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From 1 October 2015, The Smoke and Carbon Monoxide Alarm (England) Regulations 2015 require both smoke alarms and carbon monoxide alarms to be installed in rented residential accommodation. The regulations apply both to houses and flats. Failure to comply can lead to a civil penalty being imposed of up to £5,000.
These provisions only apply in England not Wales.
Who is affected?
The requirements are imposed on the immediate landlord. A tenancy includes a licence to occupy a residential premises and it also extends to subletting for these purposes.
In the case of a licensed HMO or where there is a selective licensing it is the responsibility of the licence holder to ensure that mandatory conditions imposed in relation to the installation of alarms are complied with.
There are various exemptions:
- a tenancy under which the occupier shares any accommodation with the landlord or a member of the landlord's family. There must be a sharing of an amenity which includes a toilet, personal washing facilities, a kitchen or a living room but excludes any reference to storage or access
- a tenancy which is a long lease or which grants a right of occupation of the premises, i.e. for more than 21 years
- student halls of residence
- care homes
- accommodation relating to health care provision
- providers of social housing
Requirement for smoke alarms
During any period beginning on or after 1 October 2015 while the premises are occupied under a tenancy (or licence) the landlord must ensure that a smoke alarm is equipped on each storey of the premises on which there is a room used wholly or partly as living accommodation. A living room will include a lounge dining room and kitchen as well as a bathroom or toilet. It also includes a hall or landing. This means that a smoke alarm must be provided in working order on each storey. Since the regulation relates to each storey in the premises this suggests that a separate alarm is not needed on a half landing as these would not be regarded as individually being a storey. As regards individual flats located on one floor then there will have to be at least one alarm within the flat itself or alternatively are provided outside the flat on the same floor of the building, that is, a communal alarm.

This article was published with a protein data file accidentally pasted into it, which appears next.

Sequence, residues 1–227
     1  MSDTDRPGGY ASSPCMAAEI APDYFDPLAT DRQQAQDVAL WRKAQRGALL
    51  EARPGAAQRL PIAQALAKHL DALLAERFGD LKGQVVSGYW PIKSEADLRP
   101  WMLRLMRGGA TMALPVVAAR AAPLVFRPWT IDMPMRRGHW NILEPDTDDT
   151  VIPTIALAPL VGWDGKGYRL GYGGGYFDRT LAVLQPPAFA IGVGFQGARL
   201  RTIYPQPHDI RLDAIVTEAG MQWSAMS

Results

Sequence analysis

Likewise, for flats comprising more than one storey there will need to be a smoke alarm on each floor.
It is the location of an alarm which sounds which is crucial; not the positioning of detectors.
The regulations do not stipulate what kind of alarm is required. Ideally it should be a hard wired alarm system. It can, however, be a single standalone alarm. Landlords are recommended to fit ten year long life tamper proof alarms, otherwise there is a problem of batteries being taken out and not being replaced.
Carbon monoxide alarms
Likewise, during any period beginning on or after 1 October 2015 when the premises are occupied under a tenancy or a licence a carbon monoxide alarm must be provided by the landlord in any room in premises which is used wholly or partly as living accommodation which contains a solid fuel burning combustion appliance. This applies to any kind of wood burning stove or an open coal fire. It will also extend to equipment such as a solid fuel Aga in the kitchen. This is already a requirement with new installations of solid fuel burning combustion appliances as under Building Regulations there is a requirement to install a carbon monoxide alarm. This is now extended to any existing appliances already in place before Building Regulations imposed this requirement or where building regulations are not observed.
There is guidance on gov.uk for tenants and landlords.
How do I report?
If you think that your landlord has breached these regulations you can report it to private sector housing team by email firstname.lastname@example.org or phone 01202 451083.
Page last updated: 23 June 2020